I never imagined that he’d recognise me. Running away would have been to obvious, so my plan was to keep walking and completely ignore him. Just another face on the street.
He was still walking towards me. I put my head down and kept going. One foot then another foot. I was determined not to look up as we passed each other. It would all be over in a few seconds.
We were directly in front of each other. I was concentrating on my feet.
He stopped. “Hey!” he exclaimed. “I know you don’t I?”
The sensible thing would have been to assume he was talking to someone else and keep walking. But of course I didn’t. I stopped walking and looked up. It was definitely him. He wasn’t good-looking, but he’d had this charm that the cool kids had adored, and he’d always been great at sports, so he he’d been something of a hero at my school for those who appreciated that kinds of talent. He’d never been super clever, and he had never been the model student, but he’d been popular, which is what had counted in the minds of most of the kids.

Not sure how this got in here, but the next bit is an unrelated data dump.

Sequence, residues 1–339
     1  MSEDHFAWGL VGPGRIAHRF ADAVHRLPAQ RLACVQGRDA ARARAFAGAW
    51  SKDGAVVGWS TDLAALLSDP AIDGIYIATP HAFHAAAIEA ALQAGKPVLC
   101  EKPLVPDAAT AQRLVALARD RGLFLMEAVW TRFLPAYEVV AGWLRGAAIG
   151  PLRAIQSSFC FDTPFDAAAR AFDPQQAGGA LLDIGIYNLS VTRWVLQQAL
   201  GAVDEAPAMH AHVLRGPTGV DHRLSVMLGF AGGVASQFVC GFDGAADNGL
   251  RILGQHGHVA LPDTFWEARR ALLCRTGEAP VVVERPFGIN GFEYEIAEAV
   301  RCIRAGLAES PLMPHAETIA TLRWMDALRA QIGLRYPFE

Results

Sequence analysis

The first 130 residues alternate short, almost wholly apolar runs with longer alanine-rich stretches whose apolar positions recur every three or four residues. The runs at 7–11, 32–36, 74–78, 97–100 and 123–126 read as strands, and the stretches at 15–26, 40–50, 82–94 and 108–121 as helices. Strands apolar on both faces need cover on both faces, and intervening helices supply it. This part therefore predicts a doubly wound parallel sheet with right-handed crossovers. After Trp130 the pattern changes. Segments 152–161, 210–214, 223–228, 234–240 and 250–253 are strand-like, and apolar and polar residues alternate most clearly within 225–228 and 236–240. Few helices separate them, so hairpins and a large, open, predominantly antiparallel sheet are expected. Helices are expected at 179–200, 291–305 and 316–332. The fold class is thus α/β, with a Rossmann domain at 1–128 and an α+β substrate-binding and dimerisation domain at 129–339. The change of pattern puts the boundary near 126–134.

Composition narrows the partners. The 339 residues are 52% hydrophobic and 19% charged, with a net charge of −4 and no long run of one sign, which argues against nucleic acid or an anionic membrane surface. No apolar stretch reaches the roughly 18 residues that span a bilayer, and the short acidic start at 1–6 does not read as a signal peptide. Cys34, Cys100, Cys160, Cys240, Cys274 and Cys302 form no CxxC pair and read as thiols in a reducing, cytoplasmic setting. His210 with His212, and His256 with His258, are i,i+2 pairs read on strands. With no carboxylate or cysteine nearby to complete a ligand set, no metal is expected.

I nodded mutely.
“I thought it was you,” he leered. “The little girl with the big,” he paused, “future.”
I hadn’t heard that phrase for years. It was something Mick and his cronies had heard one of the tradesmen say about me and had found it so amusing they’d made the saying their own.
I was mortified. Of all the things he could have said, he chose something that was only ever going to bring all of the torment that he and his mates had inflicted on me flooding back. I felt sick.
I stared dumbly. I hadn’t said anything. It wasn’t too late to acknowledge him with the briefest of nods and keep walking.
But I didn’t.